Oscar Sjöstrand

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Does Google Ads cannibalise on organic traffic - A study with Google Analytics data for E-commerce stores

Google Ads | 8 Min

One question I usually get from our clients is “how much traffic does Google Ads take from the organic channel?” This is a concern I can understand that business owners are having, why pay for clicks that you can get in for free? I wanted to find out one time for all, does Google Ads help other channels get revenue or does it “steal” it?

To evaluate and to do this study, I have analyzed many different E-commerce accounts in Google Analytics. The paths that we’re going to look at are only including paths where there has been more than one touchpoint, so if someone for example just writes the URL of your website in the browser and makes a purchase, you will not find it in the report (since it’s one touchpoint before purchase).

In Google Analytics, I can see that the most common path to conversion is Paid Search x 2. This means that someone clicks a paid ad twice before making the conversion. This stands for 2.5% of the total sales during the selected time period. The second most common path to conversion is Paid Search → Direct. This means that someone first finds your website through for example a Google Shopping ad and later comes back through Direct. Although Paid Search x 2 drives in more conversions, Paid Search → Direct drives in more revenue. This part stands for 3.4% of the total sales. This is revenue that you see in your Google Analytics account coming in from the Direct channel, even though the first click was from a paid source.


Moving down the list, we find Paid Search → Direct x 2. I’m sure you know how the procedure looks like by now, but just to clarify, someone clicks a paid ad, then coming back direct not once, but twice. This stands for 2.1% of the total sales. We actually also find Paid Search → Organic Search on the top 5 in terms of conversion paths, but this stands for 0.8% of total sales.

A common belief in this industry is that by using Google Ads you’re paying for clicks you otherwise would have gotten for free, and therefore paying for conversions that you could have gotten without paying anything. We actually need to look a bit further down in this report to find the statistics to back that up. Organic Search → Paid Search stands for 0.4% of total sales for this time period. This actually means that the organic channel is getting more sales when paid search is the first point of contact rather than when organic is the first touchpoint followed by clicking a paid ad.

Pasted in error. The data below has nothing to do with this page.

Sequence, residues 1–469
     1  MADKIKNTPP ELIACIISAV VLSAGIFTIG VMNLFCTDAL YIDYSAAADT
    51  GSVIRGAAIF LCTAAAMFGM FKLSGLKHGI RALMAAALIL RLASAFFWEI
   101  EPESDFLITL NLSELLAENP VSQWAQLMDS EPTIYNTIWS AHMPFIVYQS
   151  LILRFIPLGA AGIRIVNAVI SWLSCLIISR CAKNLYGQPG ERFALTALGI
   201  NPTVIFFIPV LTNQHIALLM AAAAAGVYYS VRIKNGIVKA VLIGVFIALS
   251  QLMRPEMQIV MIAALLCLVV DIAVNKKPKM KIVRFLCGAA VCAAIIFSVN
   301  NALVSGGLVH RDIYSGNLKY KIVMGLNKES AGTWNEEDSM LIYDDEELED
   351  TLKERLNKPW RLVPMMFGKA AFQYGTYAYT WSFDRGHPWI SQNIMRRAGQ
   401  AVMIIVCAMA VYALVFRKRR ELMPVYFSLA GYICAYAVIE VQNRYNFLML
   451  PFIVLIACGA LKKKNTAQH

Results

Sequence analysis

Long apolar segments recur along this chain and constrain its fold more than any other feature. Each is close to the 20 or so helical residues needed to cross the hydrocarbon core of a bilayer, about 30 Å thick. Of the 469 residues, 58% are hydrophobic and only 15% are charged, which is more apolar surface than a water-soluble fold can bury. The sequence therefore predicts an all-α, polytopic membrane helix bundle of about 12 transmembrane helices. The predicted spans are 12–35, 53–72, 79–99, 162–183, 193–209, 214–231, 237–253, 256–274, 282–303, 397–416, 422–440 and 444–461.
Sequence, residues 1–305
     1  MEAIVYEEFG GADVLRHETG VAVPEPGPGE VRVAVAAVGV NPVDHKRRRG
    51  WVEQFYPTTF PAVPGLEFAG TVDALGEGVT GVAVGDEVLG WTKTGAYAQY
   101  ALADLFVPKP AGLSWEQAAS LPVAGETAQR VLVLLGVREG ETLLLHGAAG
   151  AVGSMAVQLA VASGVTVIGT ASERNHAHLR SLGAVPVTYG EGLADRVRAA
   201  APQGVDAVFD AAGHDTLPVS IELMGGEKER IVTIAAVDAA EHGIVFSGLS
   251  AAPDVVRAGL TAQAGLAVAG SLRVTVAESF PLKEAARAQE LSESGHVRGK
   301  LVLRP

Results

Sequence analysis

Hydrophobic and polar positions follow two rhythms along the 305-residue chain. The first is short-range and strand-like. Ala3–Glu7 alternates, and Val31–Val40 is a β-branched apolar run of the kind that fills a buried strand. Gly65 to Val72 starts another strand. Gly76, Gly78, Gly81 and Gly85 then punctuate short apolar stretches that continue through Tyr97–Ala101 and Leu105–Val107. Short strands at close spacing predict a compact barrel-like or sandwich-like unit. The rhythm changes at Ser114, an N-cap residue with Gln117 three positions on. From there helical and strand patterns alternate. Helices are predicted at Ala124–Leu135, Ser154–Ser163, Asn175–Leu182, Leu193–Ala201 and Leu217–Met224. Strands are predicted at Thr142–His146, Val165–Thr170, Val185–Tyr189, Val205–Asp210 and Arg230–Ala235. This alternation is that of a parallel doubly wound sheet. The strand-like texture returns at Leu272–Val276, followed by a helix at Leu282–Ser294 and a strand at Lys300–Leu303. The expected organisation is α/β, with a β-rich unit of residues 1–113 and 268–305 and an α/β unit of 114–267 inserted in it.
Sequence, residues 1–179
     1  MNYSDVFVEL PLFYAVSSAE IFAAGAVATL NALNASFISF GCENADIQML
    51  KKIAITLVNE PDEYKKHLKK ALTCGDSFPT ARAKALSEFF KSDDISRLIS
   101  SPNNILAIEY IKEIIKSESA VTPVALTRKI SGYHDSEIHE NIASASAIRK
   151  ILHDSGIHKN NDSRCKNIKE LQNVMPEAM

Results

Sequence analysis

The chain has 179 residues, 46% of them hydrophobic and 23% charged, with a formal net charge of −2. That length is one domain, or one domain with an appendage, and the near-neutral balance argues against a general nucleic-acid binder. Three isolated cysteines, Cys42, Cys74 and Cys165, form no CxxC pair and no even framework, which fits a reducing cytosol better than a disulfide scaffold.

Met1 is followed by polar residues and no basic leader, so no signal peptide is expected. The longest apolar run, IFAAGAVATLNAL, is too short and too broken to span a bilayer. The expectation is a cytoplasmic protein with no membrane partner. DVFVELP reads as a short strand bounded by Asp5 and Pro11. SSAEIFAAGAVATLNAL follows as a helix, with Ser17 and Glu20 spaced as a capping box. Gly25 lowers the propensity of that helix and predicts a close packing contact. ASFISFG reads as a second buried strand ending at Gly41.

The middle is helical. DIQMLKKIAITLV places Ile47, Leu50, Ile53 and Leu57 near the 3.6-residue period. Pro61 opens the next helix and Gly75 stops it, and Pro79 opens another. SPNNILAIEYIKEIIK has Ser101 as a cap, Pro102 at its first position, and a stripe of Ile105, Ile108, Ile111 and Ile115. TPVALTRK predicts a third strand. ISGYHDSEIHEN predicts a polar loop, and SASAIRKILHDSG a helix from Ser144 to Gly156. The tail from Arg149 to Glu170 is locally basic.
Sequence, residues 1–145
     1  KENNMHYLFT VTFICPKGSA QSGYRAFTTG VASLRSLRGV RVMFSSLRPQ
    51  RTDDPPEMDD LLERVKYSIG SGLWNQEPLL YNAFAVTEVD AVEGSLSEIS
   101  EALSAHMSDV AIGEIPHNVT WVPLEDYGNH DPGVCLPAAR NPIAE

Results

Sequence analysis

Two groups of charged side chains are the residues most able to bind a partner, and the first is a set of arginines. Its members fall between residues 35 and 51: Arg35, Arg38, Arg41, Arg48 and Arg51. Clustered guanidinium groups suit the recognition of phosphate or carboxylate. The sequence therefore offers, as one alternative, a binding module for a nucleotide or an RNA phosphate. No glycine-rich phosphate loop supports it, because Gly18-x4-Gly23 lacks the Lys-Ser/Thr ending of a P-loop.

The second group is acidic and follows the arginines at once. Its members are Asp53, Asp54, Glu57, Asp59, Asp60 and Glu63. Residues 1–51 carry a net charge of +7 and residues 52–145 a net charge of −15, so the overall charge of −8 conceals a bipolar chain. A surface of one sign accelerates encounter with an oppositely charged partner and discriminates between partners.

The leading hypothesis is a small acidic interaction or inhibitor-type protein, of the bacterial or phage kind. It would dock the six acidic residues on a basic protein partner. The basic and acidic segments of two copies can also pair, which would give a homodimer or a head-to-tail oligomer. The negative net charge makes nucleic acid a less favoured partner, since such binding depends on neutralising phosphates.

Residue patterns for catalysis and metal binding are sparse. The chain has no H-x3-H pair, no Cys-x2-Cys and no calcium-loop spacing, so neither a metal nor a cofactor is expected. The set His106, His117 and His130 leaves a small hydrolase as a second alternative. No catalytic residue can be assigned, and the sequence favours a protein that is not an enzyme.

Here is a total summary of the top 50 conversion paths that has paid involved;

  • Paid → Other Channels stands for a total of 12% of total sales.
  • Other Channels → Paid (cannibalism) stands for a total of 1.5% of total sales.

The conclusion regarding this is that paid search is not stealing revenue from other channels, it’s more likely the other way around. However, the common belief that Google Ads is “cannibalising” on other channels is true, but it only stands for 1.5% of the total sales.

If you want to look in your own account how the different channels are performing, just log in to your Google Analytics account and press Conversions in the bottom left menu. Then on to Multi Channel Funnels and further to Top Conversion Paths. There you have your report on how the different channels are working together.


Did you get the same results as we did? Feel free to drop a comment below and share your insights!

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Dec 19, 2018 03:23:42 PM 8 Min No